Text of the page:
Cars are the future smart phones and mobile offices. Very soon our work environment will have people using virtual assistants such as Cortana, Siri, and Google Assistant to make appointments, calls set reminders and ask for direction while on the move.
The growing dependency on our mobile devices result in apps that enable us to shop online, control our home heating system, stream music or listen to a podcast, and surf the internet while in transit. The technological liberties listed above require a good connection,and people expect a seamless one regardless of where they are. Making the network connection flawlessly active on roads and highways is crucial to our modern life.
When you board a train, it is not uncommon to see people on their various mobile devices working or being entertained,and each person requires a good network connection. Mostly, you find people making use of a 4G network and in some cases the on board WIFI. The demand for high-speed data on a train moving at 200km/hr is definitely a challenge for mobile service providers.
Consumers do not care about excuses of the network on 3G, poor hand off or misaligned antennas. All they want is a seamless connected mobility experience. Quality services that won’t interrupt their calls, internet experience and music and video streams.
With the introduction of 5G and the part it would play in making Autonomous Cars possible, there will be more pressure on ways to optimise connected mobility experience. Autonomous cars will require massive bandwidths and cannot afford to have an interruption in network connectivity. Their need to upload and download dozens of terabytes of data to run their processors, sensors and camera, as well as software updates will require quick and responsive data networks. It is said that Autonomous cars have larger software footprint when compared to NASA’s space shuttles.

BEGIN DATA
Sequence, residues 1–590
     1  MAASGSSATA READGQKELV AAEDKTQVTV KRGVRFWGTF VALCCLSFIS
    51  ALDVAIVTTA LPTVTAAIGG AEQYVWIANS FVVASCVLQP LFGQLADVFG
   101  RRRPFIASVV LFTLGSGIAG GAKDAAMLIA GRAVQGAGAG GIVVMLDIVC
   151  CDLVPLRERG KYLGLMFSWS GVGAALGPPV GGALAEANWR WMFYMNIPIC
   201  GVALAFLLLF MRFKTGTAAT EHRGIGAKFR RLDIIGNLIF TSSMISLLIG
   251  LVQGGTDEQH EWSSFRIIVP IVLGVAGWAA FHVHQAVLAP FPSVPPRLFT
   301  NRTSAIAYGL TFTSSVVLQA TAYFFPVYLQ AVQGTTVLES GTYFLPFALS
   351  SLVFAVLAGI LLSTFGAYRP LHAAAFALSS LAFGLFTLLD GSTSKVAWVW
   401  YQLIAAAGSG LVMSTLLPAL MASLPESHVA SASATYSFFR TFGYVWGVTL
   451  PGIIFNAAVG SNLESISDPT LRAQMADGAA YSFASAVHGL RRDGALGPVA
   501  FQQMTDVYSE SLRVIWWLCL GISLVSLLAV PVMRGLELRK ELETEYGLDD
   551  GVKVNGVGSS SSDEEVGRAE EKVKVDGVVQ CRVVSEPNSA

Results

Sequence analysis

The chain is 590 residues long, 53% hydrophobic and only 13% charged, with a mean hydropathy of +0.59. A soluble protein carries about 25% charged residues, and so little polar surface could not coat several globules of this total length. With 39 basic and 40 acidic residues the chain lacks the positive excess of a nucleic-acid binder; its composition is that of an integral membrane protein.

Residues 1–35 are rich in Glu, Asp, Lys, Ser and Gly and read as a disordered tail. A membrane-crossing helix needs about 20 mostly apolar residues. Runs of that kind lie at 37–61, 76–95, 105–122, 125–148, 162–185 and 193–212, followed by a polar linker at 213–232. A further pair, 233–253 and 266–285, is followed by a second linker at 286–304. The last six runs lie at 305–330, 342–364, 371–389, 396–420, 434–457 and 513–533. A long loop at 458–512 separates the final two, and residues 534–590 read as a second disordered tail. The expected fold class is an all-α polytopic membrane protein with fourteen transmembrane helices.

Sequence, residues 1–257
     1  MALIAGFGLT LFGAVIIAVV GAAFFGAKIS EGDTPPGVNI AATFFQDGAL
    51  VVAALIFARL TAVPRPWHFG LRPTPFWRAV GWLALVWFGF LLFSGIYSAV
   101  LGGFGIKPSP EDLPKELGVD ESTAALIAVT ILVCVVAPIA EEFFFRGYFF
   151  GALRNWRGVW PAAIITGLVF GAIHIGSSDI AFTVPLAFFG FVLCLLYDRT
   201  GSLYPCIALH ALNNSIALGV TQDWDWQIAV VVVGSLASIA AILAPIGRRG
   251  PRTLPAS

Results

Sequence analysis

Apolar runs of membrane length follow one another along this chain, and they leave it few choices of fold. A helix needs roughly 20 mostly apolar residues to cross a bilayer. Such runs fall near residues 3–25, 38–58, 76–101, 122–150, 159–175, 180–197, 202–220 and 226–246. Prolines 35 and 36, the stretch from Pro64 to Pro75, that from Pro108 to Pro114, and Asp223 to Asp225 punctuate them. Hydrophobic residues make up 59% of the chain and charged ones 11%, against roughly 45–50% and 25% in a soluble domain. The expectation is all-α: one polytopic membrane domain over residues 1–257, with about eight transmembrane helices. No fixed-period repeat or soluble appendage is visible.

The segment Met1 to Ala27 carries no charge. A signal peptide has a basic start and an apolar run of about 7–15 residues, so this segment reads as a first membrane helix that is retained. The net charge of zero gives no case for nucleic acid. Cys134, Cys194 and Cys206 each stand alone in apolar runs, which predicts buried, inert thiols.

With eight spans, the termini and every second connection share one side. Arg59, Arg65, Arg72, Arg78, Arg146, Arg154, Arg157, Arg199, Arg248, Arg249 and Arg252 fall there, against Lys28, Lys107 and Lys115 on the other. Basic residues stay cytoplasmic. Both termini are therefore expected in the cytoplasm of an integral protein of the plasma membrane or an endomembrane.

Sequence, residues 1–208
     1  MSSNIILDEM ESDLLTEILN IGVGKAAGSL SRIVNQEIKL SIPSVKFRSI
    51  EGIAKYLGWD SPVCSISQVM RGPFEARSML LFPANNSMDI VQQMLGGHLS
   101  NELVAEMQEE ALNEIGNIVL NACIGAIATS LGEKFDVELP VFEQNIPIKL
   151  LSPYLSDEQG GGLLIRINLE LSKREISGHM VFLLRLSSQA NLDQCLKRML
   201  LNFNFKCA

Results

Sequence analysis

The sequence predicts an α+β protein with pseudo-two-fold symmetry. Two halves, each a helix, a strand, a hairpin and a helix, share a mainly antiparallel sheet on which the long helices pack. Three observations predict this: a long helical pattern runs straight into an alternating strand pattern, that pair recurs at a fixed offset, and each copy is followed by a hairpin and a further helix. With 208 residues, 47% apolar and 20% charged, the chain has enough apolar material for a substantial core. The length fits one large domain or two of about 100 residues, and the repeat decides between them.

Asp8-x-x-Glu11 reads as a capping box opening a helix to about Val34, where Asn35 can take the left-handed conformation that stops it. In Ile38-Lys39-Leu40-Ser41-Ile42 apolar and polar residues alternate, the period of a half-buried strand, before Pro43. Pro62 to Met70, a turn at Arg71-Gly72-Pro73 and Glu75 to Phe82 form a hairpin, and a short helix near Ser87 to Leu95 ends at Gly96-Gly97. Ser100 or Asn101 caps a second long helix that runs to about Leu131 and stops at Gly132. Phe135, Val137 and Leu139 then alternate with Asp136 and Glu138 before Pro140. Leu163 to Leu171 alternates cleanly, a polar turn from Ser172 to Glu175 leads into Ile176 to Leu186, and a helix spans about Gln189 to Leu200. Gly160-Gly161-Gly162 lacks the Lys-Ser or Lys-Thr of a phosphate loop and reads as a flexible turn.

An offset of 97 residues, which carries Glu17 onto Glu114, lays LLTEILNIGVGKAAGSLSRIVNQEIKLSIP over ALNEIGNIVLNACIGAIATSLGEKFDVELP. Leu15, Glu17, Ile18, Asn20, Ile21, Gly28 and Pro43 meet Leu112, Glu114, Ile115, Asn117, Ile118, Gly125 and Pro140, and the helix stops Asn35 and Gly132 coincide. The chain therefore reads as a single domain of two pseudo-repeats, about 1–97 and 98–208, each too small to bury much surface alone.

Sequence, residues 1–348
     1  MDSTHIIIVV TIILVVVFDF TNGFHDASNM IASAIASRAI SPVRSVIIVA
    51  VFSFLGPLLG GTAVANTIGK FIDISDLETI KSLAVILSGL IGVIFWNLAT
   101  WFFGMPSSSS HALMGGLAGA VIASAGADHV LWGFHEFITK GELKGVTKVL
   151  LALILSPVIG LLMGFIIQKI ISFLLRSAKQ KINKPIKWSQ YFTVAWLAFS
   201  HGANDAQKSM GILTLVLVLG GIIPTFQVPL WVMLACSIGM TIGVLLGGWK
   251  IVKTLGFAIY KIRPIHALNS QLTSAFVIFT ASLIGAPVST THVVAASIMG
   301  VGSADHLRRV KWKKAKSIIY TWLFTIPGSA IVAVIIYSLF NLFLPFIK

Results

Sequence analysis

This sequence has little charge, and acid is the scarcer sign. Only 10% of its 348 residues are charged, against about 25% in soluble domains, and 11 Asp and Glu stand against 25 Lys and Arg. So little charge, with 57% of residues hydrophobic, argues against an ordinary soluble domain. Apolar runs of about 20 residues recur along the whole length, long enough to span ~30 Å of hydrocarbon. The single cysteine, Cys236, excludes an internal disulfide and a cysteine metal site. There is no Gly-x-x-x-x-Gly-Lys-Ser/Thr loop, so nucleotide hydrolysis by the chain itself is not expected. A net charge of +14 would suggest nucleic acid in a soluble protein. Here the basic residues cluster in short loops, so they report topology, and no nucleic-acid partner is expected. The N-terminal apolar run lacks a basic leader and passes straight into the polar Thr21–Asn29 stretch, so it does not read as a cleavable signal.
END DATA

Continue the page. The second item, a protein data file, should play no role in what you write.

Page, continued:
The common practice when analysing mobile coverage and the quality of the coverage is to extract data based on consumers/users that are often stationary. These users often make or receive calls at a specific location and cannot adequately reflect the situation that pertains to mobile connectivity. Therefore, there is a call to include data from moving subscribers to capture information on mobile connectivity that represents mobility in its entirety. Doing so, will ensure a more accurate mobile experience analytics.
Lastly, questions of how Artificial Intelligence (AI) can be used to improve mobile connectivity experience are raised. The emergence of AI does bring a unique solution to the problem of mobile connectivity. Network operators can make use of AI to track the exact route and path where there might be faults in the network in real-time. With the help of AI, they can easily create dynamic adjustments to the system, to the benefit of both Drivers and Passengers.